Inspired by a year of volunteer service in the village of Adidome, Ghana, Ed Bullard established TechnoServe—short for “technology in the service of mankind”—in 1968. Bullard recognized that he could make a difference by connecting the villagers to crucial resources, providing them with the knowledge, skills, and tools they needed to raise themselves from poverty. According to TechnoServe, the organization “works with enterprising people in the developing world to build competitive farms, businesses and industries. [TechnoServe has] worked in more than 40 countries across Africa, Latin America and Asia, assisting thousands of businesses and improving the incomes of millions of people.” TechnoServe now employs over 1,300 people, 90 percent of whom are “host-country nationals” coordinating TechnoServe initiatives on the ground.
The foundation of TechnoServe’s approach is to address market failures, or “constraints that prevent a market system from operating efficiently,” including “skills, technologies, availability of information, market linkages, access to finance, infrastructure, governance or policies.” The approach addresses such constraints in three ways: developing capacity, strengthening market connections, and improving the business environment. Following these three steps, TechnoServe has a proven track record of reducing poverty and improving the livelihood of individuals, families, and communities in the countries where they serve—their successes have been lauded by a wide range of sources, including the Harvard Business Review and non-profit consulting firm FSG.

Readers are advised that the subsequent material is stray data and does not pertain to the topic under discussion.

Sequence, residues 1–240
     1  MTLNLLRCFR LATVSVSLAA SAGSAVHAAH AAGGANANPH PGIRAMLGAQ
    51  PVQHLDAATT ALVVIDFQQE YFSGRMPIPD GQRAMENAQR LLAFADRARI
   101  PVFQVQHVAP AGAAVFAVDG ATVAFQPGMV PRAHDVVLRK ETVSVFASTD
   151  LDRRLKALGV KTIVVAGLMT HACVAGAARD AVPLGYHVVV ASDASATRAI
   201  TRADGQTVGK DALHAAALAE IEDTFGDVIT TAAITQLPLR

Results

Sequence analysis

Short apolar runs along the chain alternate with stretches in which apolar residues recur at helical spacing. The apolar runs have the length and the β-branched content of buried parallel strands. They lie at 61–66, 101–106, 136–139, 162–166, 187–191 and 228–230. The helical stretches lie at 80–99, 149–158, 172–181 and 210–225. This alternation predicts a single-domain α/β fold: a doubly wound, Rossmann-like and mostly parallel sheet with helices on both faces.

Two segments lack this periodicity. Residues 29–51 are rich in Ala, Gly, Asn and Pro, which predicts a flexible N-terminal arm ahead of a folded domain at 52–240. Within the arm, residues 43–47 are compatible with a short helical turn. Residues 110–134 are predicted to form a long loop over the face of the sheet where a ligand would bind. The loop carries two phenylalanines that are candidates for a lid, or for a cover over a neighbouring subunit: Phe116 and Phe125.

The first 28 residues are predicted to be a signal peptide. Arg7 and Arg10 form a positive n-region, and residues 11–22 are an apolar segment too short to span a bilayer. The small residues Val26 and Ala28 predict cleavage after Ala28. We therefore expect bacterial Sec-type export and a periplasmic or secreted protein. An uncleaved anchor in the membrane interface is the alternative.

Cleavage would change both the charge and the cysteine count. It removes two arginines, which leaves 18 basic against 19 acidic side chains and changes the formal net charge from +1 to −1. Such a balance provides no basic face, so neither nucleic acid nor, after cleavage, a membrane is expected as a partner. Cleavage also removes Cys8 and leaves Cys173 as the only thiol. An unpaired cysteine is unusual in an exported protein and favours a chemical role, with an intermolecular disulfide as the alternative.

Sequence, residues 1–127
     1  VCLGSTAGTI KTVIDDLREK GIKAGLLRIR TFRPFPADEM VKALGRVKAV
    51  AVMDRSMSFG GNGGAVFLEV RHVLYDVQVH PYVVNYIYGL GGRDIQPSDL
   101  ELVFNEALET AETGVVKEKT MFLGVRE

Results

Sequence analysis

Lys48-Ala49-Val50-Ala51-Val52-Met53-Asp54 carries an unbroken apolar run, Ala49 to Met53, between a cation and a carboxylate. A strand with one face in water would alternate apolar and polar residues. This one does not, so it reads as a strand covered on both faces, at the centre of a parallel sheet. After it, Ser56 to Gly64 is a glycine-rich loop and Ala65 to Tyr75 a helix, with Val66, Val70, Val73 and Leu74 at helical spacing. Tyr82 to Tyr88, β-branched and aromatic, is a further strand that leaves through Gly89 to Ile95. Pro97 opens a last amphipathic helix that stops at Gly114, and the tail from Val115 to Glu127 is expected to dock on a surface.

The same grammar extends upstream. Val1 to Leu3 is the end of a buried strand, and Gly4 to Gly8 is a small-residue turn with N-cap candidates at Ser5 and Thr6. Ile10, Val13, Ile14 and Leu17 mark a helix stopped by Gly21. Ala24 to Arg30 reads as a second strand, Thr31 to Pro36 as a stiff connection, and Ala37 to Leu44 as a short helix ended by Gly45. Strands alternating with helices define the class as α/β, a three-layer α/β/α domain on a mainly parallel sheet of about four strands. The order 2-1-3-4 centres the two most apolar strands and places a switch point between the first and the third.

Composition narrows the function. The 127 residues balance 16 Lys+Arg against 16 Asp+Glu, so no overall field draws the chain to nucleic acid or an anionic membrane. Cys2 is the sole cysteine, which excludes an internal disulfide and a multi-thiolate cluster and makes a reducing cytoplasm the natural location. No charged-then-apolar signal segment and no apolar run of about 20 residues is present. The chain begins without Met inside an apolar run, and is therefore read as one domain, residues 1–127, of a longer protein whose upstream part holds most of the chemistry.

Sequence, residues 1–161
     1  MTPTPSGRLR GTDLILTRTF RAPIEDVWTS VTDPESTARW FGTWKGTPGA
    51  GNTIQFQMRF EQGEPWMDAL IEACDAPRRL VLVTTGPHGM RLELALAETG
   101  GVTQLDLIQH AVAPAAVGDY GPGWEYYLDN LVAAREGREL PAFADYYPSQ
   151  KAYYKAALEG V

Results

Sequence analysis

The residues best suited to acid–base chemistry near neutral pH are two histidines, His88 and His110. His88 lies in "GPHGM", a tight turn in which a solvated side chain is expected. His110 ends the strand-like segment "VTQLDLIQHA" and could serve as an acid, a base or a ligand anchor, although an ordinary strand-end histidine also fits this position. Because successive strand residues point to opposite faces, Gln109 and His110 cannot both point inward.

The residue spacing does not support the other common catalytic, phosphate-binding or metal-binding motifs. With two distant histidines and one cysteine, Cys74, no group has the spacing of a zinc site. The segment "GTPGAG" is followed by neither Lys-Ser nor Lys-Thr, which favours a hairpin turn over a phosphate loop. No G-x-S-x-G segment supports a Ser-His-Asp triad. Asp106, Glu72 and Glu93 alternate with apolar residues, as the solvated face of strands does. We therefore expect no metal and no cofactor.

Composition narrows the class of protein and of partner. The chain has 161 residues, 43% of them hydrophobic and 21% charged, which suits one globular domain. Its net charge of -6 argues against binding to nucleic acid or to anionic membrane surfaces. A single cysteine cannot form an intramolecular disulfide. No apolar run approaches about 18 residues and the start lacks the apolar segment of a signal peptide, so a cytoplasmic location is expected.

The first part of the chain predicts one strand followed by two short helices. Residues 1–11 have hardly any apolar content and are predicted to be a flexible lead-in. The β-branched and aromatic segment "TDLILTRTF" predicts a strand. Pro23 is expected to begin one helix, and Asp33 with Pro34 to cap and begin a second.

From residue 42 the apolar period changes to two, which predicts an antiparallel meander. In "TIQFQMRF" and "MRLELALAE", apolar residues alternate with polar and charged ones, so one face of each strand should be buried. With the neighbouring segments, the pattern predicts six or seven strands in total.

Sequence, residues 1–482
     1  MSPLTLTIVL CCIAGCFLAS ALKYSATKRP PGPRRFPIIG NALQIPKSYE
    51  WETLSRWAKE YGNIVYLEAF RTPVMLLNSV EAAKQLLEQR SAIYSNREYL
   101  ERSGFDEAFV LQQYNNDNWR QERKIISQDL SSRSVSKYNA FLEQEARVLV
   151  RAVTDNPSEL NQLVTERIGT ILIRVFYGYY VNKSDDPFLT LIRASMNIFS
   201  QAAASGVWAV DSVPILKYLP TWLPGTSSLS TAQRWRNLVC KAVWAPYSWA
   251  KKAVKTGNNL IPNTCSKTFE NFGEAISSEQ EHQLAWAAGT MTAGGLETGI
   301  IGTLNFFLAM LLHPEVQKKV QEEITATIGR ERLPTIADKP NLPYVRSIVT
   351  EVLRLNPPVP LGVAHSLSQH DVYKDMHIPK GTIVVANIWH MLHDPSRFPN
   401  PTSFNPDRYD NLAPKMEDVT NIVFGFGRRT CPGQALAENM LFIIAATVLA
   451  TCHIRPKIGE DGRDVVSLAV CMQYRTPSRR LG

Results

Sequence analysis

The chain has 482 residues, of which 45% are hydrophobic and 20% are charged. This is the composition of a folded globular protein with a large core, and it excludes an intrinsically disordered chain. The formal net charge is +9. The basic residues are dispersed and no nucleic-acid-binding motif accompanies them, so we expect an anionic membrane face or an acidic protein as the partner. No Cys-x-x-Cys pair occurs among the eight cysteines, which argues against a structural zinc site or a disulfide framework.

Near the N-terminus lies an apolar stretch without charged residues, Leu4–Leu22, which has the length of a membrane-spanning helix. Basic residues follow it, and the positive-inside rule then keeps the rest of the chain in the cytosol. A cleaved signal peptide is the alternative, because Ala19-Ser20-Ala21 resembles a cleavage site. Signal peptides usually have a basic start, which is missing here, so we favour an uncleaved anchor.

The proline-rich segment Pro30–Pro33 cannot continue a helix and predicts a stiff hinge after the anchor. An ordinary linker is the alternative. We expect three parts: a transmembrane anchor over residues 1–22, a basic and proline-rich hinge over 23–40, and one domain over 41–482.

In 2013 alone, TechnoServe transformed the lives of 2.2 million people in 30 countries by improving the capacity of local farms, businesses, and industries. Among other benefits, TechnoServe’s efforts resulted in new jobs, higher wages, expansion of businesses, and higher revenues for farmers. Some of TechnoServe’s current initiatives include growing a sustainable coffee industry, helping thousands of Maasai women launch a dairy business in Kenya, and providing sustainable support for smallholder cocoa farmers in Peru. According to TechnoServe’s 2013 progress report, the organization has upheld Bullard’s original goal: “True to Ed’s vision, we provide business solutions to poverty by linking people to information, capital and markets. With more than four decades of proven results, we believe in the power of private enterprise to transform lives.”
TechnoServe is fully committed to financial transparency, and has been awarded the highest rating (four stars) by leading charity evaluator Charity Navigator for eight consecutive years. TechnoServe receives the vast majority of funding from governments and multilateral organizations (43 percent in 2013) and foundations and organizations (36 percent in 2013). Private donors also provide vital financial support.